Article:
Average soil P, K and pH levels remain low and are holding back Irish farmers from meeting the full production potential of their land, according to Teagasc Soil Fertility Specialist David Wall.

Approximately 37,000t of chemical phosphate was spread on Irish farms last year and this figure is up from the 20,000t spread in 2009, the year when we hit rock bottom, he said.

“But we are still 50% below where we need to be when it comes to meeting the national phosphate requirement for agriculture across the board. The same principle holds where potash and lime are concerned.”

Wall is encouraging all Irish farmers to soil test their land over the coming weeks.

“The results of a soil test represent real power for farmers. Soil testing should not be seen as simply a way of complying with regulations. I would encourage farmers to act on the soil testing results they receive back.

“This will be a key driver of efficiency moving forward.”

Wall added that the new Nitrates Regulations reflect an opportunity for better use to be made of animal slurry.

“This is particularly the case where pig slurry and poultry are concerned.

“Since 2014 the EU regulations recognise that 50% of the P contained in animal slurries is plant available.

“In practical terms, this means that farms with Index 1 and Index 2 soils for Phosphate and Potash can significantly increase the volumes of slurry which they apply to land.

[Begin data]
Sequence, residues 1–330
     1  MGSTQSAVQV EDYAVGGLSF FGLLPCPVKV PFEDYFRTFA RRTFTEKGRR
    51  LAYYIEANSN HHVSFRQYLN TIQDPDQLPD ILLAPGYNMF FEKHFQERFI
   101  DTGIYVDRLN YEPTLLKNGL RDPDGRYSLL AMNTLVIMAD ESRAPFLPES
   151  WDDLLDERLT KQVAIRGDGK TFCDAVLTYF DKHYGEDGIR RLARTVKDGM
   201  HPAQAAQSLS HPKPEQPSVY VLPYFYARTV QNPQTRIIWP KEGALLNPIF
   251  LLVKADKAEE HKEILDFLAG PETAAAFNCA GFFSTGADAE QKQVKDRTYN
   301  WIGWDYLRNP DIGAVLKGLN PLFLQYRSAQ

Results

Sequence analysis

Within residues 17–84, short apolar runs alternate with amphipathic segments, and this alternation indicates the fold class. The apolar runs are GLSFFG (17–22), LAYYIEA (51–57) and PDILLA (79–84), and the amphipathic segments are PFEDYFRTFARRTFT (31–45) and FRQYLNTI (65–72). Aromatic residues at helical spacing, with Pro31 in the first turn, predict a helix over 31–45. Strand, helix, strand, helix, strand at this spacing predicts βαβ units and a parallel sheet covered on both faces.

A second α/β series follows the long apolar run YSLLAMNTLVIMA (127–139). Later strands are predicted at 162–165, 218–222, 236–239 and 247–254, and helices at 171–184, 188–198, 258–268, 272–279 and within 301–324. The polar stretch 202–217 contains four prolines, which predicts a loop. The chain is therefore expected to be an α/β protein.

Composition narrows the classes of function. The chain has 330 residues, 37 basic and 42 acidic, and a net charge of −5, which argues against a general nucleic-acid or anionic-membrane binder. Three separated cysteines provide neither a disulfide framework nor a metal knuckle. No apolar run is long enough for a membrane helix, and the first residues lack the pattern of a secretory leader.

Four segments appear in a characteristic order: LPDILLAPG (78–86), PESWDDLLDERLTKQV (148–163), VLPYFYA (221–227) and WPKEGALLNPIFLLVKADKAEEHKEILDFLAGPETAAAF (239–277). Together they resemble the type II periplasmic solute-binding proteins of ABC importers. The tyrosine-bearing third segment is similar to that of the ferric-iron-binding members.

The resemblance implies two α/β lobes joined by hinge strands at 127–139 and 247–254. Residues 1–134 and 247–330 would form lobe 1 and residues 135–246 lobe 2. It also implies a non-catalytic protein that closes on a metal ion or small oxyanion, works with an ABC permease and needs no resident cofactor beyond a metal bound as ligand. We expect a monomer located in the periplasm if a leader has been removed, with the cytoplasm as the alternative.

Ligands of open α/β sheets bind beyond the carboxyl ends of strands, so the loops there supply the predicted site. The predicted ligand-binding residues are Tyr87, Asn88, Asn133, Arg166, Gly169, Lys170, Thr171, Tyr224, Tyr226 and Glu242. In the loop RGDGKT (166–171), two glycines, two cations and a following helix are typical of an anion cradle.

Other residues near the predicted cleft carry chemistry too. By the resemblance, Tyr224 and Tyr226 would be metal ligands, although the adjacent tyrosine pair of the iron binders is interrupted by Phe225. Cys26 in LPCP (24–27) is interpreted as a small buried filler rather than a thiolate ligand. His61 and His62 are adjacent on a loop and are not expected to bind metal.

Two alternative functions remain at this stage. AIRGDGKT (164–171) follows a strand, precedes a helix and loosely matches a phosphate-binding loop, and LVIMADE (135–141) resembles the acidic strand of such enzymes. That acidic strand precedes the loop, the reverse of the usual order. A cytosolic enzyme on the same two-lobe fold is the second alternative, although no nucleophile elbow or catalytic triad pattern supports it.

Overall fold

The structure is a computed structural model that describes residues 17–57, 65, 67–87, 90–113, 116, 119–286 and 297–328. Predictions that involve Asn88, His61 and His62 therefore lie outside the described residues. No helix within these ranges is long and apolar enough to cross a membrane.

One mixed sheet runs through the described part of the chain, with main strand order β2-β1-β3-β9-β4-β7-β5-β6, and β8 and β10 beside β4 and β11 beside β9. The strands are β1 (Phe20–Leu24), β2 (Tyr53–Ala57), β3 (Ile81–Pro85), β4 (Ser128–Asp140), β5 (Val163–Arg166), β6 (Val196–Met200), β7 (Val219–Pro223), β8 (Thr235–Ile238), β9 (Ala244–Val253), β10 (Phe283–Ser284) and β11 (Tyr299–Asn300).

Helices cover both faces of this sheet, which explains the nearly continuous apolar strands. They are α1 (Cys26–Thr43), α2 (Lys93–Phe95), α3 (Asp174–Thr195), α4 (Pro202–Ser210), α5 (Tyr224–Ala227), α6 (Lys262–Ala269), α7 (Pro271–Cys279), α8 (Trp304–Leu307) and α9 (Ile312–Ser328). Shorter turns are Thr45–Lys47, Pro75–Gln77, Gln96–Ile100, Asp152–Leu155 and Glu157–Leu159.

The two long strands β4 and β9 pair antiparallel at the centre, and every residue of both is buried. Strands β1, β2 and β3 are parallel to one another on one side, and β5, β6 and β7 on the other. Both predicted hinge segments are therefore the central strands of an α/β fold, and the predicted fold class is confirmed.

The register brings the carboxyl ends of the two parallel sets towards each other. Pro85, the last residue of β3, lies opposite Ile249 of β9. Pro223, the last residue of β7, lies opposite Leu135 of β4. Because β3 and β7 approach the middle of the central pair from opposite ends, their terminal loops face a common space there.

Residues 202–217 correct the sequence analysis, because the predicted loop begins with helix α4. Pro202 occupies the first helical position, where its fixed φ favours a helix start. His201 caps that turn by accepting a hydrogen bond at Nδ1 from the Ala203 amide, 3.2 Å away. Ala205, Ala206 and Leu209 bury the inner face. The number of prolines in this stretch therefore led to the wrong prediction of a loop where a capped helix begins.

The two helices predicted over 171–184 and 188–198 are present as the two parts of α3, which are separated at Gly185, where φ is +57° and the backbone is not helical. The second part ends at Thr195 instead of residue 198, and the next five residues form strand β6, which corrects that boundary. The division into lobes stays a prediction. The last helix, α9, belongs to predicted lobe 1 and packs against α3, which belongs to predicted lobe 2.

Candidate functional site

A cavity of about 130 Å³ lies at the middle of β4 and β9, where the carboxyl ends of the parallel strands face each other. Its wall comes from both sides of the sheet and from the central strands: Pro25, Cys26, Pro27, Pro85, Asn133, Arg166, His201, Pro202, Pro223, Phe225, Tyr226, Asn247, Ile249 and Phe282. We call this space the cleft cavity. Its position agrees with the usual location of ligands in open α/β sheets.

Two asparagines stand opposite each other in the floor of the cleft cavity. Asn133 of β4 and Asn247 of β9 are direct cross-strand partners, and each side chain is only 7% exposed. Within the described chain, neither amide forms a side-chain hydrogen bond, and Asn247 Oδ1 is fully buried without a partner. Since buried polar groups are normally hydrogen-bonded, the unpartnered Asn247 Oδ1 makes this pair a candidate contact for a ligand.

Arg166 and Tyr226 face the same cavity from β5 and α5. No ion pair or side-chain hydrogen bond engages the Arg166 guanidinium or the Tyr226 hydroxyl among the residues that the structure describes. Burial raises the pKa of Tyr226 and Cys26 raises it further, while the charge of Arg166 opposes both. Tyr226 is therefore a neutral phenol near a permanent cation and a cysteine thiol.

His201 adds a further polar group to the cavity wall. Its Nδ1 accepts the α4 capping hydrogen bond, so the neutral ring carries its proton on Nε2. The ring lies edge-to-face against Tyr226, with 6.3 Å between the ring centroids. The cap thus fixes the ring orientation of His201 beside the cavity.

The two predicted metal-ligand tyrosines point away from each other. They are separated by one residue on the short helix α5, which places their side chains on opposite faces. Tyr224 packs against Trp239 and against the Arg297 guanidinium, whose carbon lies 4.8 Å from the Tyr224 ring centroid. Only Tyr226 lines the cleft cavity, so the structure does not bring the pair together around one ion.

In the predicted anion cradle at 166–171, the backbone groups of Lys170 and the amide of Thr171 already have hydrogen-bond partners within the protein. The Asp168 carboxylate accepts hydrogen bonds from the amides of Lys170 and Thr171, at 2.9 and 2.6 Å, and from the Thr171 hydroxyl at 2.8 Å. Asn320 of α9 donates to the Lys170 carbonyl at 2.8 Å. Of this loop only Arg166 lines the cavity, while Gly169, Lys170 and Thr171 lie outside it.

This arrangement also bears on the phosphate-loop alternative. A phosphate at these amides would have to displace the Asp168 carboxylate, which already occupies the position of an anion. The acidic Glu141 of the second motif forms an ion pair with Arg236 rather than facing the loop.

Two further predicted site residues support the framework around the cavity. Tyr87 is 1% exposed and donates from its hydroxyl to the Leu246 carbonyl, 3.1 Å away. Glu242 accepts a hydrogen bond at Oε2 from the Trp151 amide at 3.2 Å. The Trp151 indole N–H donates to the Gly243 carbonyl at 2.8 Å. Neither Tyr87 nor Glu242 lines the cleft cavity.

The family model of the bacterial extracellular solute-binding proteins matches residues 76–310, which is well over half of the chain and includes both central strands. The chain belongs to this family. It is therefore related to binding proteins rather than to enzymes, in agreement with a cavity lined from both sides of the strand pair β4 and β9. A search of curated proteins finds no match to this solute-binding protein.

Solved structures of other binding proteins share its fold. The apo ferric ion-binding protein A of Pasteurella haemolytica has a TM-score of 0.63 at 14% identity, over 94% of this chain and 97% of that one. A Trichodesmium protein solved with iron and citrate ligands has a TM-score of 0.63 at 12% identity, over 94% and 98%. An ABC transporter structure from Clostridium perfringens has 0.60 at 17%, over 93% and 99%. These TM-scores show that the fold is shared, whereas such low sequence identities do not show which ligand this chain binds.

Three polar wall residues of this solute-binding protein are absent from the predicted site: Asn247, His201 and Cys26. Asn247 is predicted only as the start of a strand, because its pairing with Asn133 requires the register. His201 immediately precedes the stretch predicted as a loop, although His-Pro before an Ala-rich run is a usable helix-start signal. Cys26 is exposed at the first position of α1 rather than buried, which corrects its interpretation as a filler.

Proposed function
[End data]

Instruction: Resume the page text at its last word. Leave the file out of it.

“Ireland has a slurry distribution challenge. At a national level we are deficient in both P and K. And these deficiencies will hamper the industry in meeting its Harvest 2020 production targets.”

Wall said that chemical N application rates in Ireland remains at 1990 levels.  Approximately 10% of all advisory soil samples analysed through Teagasc in 2015 had soil P and K levels in the optimum soil fertility range (pH >6.2 and soil P & K index 3 or 4).

This means that 90% of the soils analysed had sub-optimal levels of soil pH, P and K or a combination of all three.

Soil test results indicate that soil P and K levels continue to decline, with 61 and 55% of grassland soils index 1 and 2 for P and K, respectively. The comparable figures for 2016 will be available in the early new year.